Words by Sean Moeller, Illustration by Johnnie Cluney, Recording engineered by Matt Oliver, Mastered by Sam Patlove
Regan John Farquhar can sound agitated most of the time. The artist better known as the Los Angeles-bred Busdriver takes offense at a number of things and, if you hear him out, you're likely to find yourself feeling a kindred sense of connection to a man who dislikes all of the phony bullshit that passes as the way things are these days. There's a lot of bullshit out there. We all realize that. We are surrounded by people who find themselves stressed about pointless and aimless trivialities. People are looking for medications they don't need, looking at extravagances as necessities and moaning about all manner of idiocy that passes for their chief problems, for the biggest wrinkles they'll have to deal with this day. It seems that Farquhar inserts us right into the macrocosm of Los Angeles and all of its many streams of hustling and posturing, extracting from the charade all of the comedy and frustration that you'd expect from such a scene. It's the Los Angeles of Nathanael West's writing, of F. Scott Fitzgerald's writing and those dead guys were already seeing the ruins being created there when the place was just being built. The place - and not all of it, mind you, but a major part of what the city revolves around - is a thousand times more of an example of "the sleaziest cesspools" if you're looking for that sort of thing. There are those beautiful parts too and those aren't to be discounted. There are wonderful people and there are more reasons to live there than there are to not live there, if you were to take a magnifying glass to it, but Busdriver's method is to bring the underbelly of the place alive and make it feel exhilarating, as if it in and of itself it's a place that should be marveled over for its ability to bring out both the best and the absolute worst in people - the creators and the predators.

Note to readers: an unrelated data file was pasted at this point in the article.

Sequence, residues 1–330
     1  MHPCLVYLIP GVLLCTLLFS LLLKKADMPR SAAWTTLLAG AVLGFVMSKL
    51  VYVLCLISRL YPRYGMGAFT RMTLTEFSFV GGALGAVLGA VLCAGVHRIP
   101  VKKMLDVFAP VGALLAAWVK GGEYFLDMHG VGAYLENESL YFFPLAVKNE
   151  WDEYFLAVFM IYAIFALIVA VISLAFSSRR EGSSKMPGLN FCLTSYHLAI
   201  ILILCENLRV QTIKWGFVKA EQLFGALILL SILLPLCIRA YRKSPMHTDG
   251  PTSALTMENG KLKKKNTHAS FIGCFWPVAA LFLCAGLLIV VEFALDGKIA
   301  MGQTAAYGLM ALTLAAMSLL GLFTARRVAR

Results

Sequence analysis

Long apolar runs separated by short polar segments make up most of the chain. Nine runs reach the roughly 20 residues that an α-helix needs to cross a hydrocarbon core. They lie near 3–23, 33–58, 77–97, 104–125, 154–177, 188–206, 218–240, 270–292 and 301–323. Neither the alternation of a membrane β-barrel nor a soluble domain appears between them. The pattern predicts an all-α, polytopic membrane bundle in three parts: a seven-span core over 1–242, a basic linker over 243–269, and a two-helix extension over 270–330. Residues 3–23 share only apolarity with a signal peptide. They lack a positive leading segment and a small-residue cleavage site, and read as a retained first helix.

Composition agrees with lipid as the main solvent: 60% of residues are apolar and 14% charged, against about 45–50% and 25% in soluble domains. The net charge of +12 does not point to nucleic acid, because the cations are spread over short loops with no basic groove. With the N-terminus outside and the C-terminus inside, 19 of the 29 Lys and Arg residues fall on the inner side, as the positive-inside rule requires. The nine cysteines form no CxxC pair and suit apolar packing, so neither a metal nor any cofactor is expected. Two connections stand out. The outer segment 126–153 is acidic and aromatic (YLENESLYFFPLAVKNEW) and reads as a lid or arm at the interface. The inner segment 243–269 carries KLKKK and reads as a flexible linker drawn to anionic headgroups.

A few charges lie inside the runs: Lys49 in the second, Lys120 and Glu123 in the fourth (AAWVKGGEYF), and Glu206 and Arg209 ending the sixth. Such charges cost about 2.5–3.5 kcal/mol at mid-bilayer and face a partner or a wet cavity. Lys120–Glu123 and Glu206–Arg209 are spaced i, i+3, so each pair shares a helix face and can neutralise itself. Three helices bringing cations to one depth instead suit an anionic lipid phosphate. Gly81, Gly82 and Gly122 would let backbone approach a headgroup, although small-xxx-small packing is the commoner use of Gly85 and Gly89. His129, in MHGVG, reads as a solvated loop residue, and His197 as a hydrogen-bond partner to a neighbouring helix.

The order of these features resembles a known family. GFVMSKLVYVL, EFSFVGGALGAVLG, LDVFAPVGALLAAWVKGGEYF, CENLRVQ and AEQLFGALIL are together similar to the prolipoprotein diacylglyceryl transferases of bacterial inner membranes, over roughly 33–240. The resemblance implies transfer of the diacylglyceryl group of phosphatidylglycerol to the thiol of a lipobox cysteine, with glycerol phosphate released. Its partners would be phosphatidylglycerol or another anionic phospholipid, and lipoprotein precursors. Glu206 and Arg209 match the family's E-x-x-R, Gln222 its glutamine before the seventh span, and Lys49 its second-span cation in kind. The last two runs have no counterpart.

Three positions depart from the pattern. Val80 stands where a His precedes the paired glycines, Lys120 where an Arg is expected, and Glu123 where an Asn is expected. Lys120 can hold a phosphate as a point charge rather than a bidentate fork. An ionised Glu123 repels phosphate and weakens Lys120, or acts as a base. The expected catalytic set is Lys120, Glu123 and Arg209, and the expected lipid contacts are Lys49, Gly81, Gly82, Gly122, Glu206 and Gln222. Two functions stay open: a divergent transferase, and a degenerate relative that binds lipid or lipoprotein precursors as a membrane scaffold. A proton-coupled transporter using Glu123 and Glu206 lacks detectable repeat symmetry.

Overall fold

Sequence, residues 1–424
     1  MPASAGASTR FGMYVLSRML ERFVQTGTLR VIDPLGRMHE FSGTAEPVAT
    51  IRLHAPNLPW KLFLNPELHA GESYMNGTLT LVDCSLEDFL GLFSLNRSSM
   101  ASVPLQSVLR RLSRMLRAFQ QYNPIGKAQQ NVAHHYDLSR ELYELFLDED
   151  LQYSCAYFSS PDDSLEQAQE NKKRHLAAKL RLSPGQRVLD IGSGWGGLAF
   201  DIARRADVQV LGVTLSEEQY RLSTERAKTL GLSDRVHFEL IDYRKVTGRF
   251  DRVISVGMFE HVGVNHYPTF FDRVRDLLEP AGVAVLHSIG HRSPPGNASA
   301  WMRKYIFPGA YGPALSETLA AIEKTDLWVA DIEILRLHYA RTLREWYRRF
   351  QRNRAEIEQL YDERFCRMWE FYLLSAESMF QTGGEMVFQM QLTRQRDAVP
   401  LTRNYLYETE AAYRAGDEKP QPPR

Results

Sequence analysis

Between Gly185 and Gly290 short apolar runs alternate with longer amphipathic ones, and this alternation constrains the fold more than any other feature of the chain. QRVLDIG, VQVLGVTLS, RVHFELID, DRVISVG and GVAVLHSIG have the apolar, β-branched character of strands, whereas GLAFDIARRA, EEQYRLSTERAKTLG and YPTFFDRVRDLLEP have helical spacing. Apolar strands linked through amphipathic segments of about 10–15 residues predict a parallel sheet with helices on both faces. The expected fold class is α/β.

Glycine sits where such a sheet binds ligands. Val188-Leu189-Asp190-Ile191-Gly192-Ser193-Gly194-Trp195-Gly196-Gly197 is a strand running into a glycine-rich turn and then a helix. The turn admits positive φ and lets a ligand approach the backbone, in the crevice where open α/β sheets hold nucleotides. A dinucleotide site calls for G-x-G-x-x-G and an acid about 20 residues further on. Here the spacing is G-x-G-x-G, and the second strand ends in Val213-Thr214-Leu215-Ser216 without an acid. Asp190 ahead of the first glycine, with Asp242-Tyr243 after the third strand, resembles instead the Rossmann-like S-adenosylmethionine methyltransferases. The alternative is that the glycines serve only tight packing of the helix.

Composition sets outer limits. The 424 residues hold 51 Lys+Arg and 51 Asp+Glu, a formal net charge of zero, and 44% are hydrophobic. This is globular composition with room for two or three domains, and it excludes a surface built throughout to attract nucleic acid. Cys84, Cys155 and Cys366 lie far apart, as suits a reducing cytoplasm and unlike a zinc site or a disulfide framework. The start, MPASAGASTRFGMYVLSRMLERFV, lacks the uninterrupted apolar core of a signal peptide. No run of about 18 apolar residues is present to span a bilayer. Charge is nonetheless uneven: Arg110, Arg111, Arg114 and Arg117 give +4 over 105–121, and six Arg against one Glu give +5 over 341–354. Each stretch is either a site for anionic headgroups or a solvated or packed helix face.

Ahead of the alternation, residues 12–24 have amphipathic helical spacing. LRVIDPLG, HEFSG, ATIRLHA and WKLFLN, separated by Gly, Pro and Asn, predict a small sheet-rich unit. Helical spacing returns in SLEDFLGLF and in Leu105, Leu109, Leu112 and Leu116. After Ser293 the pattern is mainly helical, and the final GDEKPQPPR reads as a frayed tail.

He raps - in way that sounds as if it were possible that TV On The Radio and Lewis Black could be the same scrappy being or body sharers - about those who probably get the sphincters bleached, to those who injure themselves in hipster bars, people who are professionals when it comes to be unscrupulous and uncouth. These are the people that he can't help but observe and comment upon - the viruses that he's drawn to as if they held some kind of magnetic charge. He observes the different states of degeneration and misguided aspirations with a fit in his voice, plenty of piss and nails, as if there's a part of him that so closely understands the symptoms and such because he can see how rampant they are - in himself, in the masses. They are almost unavoidable as everyone breaks down a little and becomes a part of what they hate, whether they like it or not and Busdriver songs acknowledge this. Farquhar sounds disgusted most of the time - in everyone else, in himself for perhaps being a carrier of some of those ugly parts, or for giving so much of a damn that others are getting themselves so wayward. He sings, "The body likes when you commit to celluloid," suggesting that nature will let that water roll downhill if left to its own devices, seeking that path of least resistance. Everyone tends to get lost in the current.